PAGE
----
Reformation exhibit highlights art as teaching tool and propaganda


Reformation exhibit :MINNEAPOLIS (RNS) When it came to art, Martin Luther was much more interested in music than in the visual arts.

He once called music “half a sacrament” and said, “Next to the Word of God, the noble art of music is the greatest treasure in the world.”

But Luther also recognized images had the power to teach ­– a powerful form of communication the church could use, said David Morgan, professor and chair of the department of religious studies at Duke University.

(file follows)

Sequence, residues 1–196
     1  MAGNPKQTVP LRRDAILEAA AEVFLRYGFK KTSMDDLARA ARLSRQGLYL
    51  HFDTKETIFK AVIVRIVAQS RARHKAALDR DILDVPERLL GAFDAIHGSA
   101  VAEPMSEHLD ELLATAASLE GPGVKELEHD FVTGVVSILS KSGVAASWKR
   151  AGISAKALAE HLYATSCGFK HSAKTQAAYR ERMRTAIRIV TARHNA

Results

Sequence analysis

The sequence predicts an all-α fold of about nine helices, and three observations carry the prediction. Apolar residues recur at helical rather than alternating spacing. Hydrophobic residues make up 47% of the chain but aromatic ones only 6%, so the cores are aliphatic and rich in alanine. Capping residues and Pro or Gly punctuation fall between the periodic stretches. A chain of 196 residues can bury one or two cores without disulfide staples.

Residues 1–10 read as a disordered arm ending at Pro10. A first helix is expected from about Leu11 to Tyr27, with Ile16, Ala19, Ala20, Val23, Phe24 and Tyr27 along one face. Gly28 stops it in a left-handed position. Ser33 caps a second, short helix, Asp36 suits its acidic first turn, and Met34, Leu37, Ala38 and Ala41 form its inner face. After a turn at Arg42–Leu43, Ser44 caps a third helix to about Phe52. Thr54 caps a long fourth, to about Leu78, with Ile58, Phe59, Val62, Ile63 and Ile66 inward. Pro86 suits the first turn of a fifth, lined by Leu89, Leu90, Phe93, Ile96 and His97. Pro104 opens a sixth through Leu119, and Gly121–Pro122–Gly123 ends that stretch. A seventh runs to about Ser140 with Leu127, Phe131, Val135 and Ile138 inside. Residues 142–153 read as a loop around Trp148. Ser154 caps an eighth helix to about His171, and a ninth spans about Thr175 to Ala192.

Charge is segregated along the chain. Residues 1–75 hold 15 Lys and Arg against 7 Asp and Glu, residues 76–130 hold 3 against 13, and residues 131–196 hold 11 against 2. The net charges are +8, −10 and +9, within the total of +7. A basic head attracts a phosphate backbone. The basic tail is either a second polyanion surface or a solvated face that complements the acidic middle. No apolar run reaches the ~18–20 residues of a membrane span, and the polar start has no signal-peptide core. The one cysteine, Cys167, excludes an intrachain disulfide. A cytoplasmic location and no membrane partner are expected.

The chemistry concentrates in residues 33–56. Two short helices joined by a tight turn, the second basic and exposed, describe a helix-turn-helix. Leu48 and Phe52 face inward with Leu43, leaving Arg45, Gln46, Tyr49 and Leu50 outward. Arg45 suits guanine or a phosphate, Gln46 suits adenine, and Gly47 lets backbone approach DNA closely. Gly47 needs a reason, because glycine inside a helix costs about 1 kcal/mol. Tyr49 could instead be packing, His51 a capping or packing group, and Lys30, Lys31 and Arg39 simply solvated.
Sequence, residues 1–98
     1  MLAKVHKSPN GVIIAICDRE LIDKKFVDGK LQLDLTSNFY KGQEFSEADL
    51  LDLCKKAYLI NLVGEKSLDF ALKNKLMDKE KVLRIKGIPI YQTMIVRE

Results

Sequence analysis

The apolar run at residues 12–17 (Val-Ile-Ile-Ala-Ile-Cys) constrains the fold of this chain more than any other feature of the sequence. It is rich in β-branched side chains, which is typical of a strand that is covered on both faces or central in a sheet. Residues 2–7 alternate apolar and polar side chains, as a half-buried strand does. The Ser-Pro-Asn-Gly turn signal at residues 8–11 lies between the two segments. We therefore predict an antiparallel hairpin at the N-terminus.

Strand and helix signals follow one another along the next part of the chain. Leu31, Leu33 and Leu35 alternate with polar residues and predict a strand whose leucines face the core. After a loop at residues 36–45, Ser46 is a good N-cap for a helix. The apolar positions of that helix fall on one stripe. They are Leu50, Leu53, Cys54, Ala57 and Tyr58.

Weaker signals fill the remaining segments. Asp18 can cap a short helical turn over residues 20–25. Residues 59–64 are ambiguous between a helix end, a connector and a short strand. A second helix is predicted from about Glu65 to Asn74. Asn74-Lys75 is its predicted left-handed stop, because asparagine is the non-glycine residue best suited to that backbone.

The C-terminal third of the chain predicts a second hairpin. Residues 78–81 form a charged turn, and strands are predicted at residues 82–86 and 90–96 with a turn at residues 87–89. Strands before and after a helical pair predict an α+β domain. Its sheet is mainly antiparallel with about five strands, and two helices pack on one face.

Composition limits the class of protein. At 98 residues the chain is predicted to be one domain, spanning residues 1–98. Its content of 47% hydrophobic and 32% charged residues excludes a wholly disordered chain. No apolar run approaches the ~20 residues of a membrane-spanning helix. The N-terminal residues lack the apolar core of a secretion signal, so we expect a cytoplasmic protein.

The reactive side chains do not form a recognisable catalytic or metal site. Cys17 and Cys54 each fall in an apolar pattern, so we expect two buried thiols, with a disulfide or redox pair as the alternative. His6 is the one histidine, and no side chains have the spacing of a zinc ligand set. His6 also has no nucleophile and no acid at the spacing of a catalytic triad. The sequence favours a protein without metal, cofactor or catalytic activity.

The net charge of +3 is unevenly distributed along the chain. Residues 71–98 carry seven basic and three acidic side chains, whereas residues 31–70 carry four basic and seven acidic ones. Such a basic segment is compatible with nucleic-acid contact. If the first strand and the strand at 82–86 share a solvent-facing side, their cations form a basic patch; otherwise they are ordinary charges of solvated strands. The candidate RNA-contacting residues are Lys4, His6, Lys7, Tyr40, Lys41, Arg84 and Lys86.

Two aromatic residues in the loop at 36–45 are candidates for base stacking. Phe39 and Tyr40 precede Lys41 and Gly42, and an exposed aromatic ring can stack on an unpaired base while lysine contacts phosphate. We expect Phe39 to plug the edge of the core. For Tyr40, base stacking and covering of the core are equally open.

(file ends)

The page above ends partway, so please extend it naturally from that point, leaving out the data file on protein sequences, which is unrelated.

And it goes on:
“So from the beginning, he defended the use of images,” Morgan said.